One of my least favourite right wing canards goes like this:
"Markets are great. Look at the market for hamburgers. Markets distribute hamburgers in New Zealand and no one goes without. It's only when the government gets involved - like in health care and education that provision starts to lack."
Just briefly here's what's wrong with the 'Great Health Burger Comparison' (this ain't rocket science):
1. Burgers are a heck of a lot cheaper and simpler to produce than medical treatments - for this reason alone the comparison is nonsense. There may be limitations to the provision of health care in New Zealand at present, but they are nothing like the number of people who would miss out if we fully marketised health care.
2. Markets may, when functioning well, provide efficient distribution, but they never guarantee provision. This means that if New Zealanders shy away from the thought of many of their compatriots (and probably themselves) going without health care - then there is going to have to be some sort of state involvement.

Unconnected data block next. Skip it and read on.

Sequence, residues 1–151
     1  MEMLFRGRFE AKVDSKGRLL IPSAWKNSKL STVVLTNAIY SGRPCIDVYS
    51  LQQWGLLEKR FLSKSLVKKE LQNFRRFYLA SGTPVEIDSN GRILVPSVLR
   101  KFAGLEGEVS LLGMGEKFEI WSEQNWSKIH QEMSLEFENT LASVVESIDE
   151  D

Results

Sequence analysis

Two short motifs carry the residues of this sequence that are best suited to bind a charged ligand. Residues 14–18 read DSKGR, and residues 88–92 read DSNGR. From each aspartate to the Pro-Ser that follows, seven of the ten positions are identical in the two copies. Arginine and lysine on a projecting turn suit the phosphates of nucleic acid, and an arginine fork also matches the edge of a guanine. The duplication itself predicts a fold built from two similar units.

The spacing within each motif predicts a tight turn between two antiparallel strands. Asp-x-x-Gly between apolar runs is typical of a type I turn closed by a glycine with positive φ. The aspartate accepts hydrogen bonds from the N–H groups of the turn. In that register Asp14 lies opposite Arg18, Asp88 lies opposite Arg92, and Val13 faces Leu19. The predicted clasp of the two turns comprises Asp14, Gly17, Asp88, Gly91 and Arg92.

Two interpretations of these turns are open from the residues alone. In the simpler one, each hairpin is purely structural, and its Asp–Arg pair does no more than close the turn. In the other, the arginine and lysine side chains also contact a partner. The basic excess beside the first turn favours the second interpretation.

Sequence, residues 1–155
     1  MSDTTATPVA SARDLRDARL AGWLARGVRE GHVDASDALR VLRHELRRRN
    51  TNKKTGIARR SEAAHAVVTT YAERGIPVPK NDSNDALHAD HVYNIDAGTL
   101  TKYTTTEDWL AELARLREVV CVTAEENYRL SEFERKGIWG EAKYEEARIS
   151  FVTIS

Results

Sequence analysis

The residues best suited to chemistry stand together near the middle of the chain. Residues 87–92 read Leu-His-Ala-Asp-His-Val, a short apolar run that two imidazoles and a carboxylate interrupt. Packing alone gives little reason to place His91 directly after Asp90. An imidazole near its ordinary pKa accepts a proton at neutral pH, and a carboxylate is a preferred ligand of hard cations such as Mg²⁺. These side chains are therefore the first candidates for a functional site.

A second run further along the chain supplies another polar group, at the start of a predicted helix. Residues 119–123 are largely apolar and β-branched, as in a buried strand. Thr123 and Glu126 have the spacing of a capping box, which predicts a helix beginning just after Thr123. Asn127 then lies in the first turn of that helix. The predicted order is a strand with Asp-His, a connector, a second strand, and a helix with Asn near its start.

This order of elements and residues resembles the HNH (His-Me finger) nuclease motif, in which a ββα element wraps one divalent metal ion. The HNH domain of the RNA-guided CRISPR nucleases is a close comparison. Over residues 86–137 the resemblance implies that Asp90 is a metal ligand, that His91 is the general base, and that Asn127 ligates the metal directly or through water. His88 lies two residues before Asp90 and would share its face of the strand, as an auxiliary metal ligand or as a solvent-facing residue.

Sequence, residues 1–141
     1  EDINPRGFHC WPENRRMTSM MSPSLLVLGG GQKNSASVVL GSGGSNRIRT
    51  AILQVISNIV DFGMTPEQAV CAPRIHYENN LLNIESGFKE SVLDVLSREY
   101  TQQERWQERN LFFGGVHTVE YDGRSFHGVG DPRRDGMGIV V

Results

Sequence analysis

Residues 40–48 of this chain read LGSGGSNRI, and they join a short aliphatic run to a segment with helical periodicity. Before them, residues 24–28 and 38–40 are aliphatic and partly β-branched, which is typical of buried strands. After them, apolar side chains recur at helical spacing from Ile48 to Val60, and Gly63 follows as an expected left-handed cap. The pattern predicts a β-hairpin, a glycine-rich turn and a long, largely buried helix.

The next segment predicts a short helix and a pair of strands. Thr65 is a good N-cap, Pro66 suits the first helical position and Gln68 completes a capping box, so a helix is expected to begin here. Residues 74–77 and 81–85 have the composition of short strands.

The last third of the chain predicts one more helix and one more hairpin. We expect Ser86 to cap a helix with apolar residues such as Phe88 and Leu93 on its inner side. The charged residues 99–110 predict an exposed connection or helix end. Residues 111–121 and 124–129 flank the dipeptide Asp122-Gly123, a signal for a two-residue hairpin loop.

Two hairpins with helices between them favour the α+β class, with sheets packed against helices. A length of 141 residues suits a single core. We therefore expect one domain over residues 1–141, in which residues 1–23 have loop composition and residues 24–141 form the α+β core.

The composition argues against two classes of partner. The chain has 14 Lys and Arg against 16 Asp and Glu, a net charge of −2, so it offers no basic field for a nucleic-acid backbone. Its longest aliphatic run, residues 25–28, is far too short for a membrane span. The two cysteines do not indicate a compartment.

and 3. minimal state involvement - as exists in the States - proves to be less efficient than state involvement social democracy style.
In short, providing health care is much more difficult than providing 'universal burger coverage'. Because it's more difficult and because, as New Zealanders, we like the universal aspect of universal coverage, we get the state involved. What results is not perfect, but this doesn't reflect so much as the limitations of the state vis a vis the market but more the difficulty of keeping a nation healthy.
Wednesday, January 24, 2007